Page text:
Skip to content
Skip to main content

About this free course

Download this course

Share this free course

An introduction to computers and computer systems
An introduction to computers and computer systems

Start this free course now. Just create an account and sign in. Enrol and complete the course for a free statement of participation or digital badge if available.

2 The internet

The internet has probably had more impact on our daily lives than any other technology emerging from the information age. Most people, however young or old, will have heard of and used the internet, although it may mean different things to different people. For some, it is the means of accessing the web; for others, an essential part of their work; for some, an important tool for keeping in touch with friends or relatives; and for some, something not well understood and even to be feared.

The terms internet and World Wide Web are often used interchangeably. It is common to speak of ‘going on the Internet’ when using a web browser to view web pages. However, the World Wide Web or the Web is only one of a large number of Internet services.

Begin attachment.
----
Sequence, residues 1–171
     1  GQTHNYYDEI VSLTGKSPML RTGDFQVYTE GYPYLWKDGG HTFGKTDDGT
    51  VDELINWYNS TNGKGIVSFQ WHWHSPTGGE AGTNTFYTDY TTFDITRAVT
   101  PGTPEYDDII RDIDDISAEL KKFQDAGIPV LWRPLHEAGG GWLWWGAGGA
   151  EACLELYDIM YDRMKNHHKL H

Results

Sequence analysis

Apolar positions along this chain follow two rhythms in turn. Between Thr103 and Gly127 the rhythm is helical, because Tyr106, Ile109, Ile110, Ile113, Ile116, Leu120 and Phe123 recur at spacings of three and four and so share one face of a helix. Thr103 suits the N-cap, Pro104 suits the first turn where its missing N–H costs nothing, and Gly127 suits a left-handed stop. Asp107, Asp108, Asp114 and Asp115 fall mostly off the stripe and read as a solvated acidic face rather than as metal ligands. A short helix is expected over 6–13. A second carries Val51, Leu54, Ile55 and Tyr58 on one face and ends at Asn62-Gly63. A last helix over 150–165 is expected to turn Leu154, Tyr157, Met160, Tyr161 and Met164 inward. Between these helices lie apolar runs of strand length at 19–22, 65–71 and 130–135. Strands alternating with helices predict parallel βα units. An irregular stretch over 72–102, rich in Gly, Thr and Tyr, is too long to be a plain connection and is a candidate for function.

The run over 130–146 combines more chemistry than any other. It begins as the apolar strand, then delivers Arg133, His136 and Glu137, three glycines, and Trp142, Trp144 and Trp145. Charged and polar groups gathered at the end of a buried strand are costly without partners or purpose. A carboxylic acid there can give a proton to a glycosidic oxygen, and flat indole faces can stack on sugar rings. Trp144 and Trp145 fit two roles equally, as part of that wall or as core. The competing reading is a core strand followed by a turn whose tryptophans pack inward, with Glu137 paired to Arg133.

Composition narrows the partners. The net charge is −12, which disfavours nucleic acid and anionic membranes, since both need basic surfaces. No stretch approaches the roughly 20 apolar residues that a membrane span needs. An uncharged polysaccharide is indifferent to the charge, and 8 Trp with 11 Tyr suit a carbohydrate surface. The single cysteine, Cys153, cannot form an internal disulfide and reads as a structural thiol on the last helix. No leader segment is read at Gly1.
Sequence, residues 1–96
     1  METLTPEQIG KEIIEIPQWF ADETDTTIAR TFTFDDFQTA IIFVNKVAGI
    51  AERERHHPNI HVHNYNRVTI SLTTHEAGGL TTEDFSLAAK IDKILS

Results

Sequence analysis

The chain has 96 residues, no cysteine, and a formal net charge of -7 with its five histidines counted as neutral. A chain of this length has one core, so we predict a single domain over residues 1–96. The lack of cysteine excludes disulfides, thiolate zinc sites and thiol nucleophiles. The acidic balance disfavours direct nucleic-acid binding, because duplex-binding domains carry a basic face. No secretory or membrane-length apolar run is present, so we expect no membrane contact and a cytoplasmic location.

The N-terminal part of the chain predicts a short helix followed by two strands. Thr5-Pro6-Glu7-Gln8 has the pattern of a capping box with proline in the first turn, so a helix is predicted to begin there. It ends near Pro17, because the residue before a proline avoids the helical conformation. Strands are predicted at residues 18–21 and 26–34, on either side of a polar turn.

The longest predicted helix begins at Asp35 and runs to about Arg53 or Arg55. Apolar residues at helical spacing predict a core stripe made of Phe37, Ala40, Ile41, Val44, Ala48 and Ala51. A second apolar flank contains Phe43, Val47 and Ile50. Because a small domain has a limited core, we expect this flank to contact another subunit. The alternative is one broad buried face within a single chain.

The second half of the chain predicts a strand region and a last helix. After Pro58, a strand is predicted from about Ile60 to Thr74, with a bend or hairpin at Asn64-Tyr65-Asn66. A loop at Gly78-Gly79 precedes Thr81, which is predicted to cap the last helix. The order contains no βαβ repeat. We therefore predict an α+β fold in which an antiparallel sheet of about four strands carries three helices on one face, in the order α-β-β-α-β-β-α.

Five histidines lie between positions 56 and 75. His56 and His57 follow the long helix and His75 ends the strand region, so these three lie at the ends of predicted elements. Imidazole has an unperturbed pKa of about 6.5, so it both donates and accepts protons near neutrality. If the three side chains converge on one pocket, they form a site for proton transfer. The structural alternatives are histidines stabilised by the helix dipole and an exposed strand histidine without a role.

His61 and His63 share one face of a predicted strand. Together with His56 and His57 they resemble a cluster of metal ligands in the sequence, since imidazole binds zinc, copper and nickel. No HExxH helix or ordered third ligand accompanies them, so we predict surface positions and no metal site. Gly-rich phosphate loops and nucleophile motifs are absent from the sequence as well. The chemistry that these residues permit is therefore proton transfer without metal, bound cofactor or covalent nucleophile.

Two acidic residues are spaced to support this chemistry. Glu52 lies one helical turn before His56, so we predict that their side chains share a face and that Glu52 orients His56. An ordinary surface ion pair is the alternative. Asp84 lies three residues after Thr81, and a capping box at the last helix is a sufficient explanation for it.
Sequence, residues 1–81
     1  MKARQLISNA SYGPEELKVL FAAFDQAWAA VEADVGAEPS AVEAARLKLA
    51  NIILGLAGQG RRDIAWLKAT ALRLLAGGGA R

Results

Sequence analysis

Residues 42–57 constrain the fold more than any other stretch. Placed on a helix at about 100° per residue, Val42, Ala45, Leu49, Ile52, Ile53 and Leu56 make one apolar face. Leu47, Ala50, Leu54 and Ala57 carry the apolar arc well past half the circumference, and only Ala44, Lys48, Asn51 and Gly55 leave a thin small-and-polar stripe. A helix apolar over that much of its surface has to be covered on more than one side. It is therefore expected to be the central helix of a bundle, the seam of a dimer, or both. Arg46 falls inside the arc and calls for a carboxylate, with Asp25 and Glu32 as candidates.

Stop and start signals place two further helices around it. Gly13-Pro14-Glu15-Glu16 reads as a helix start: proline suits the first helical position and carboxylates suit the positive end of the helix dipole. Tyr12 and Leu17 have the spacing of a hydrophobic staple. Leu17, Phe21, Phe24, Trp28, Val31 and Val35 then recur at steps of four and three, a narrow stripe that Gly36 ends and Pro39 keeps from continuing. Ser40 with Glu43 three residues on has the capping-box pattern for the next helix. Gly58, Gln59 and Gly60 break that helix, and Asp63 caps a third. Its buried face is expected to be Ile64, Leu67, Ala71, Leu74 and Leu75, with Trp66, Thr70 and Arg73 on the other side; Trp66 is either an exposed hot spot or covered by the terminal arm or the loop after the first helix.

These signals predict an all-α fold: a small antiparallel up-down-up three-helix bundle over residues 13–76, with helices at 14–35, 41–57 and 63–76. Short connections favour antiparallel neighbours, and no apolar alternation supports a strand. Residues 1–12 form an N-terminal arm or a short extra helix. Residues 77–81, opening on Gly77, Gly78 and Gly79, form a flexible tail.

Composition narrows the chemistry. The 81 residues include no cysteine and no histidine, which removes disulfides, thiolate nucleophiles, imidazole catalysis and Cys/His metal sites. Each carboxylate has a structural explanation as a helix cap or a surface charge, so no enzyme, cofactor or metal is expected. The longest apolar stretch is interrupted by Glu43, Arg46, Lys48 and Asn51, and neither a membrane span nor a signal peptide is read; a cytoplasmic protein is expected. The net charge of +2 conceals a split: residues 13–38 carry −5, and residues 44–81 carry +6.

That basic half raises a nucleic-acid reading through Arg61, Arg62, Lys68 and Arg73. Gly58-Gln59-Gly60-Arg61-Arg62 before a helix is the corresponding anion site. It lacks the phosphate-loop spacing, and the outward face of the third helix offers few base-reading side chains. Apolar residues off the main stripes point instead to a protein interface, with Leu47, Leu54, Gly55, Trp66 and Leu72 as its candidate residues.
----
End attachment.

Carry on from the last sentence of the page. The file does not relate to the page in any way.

The World Wide Web is a global collection of documents, images, multimedia, applications, and other resources, connected by hyperlinks, and each with a unique Uniform Resource Identifier (URI), which provide a global system of named references. URIs identify services, databases, documents and resources.

Hypertext Transfer Protocol (HTTP) is the main access protocol of the World Wide Web. Web services also use HTTP for communication between software systems for sharing and exchanging data. It is one of many protocols that can be used for communication on the Internet.

Other uses of the internet are email, data transfer and even telephony. Each requires their own standard to operate, such as File Transfer Protocol (FTP) for data transfer.

The Internet itself is a global network that comprises many voluntarily interconnected networks. It deliberately has no central server. This means the internet has no single point of failure, but will keep working should any of the connected networks or devices fail.

The underlying technology and main protocols are governed the Internet Engineering Task Force (IETF). This is an international non-profit organization that anyone may associate with by contributing technical expertise.

Other bodies ensure standards such as Internet Corporation for Assigned Names and Numbers (ICANN) which administers the principal name spaces of the Internet. ICANN is governed by an international board of directors drawn from relevant technical, business, academic, and other interested communities.